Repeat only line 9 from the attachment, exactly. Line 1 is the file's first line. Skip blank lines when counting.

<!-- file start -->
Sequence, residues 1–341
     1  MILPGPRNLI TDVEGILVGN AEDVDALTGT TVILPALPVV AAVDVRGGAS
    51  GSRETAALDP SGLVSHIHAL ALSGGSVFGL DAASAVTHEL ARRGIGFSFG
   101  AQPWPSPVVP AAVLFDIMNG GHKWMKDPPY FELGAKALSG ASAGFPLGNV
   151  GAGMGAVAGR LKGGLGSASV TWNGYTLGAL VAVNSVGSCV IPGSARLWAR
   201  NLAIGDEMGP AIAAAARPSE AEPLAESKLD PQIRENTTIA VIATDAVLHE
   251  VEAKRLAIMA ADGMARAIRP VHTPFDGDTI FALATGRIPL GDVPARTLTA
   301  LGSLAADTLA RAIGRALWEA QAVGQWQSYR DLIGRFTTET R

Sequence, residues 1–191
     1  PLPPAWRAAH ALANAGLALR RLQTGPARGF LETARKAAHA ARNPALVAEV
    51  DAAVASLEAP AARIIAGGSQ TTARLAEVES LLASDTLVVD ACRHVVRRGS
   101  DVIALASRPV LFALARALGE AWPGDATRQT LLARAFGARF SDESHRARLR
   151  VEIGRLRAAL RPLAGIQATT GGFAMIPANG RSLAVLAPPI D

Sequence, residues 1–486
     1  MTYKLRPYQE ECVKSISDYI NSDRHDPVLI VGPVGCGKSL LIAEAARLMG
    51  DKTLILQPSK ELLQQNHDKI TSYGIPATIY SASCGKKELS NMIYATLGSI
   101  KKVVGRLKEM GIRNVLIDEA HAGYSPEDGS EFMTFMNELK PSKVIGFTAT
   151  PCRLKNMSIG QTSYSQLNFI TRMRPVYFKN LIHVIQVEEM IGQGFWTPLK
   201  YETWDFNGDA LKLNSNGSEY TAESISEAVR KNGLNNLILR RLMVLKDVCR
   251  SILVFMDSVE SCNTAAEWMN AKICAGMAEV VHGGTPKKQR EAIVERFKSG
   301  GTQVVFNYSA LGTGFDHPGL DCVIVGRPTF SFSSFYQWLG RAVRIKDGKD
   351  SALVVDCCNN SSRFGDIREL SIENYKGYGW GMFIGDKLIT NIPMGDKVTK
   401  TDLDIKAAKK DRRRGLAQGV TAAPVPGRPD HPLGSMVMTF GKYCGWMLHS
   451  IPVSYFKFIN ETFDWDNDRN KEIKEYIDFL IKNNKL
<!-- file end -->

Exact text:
Sequence, residues 1–191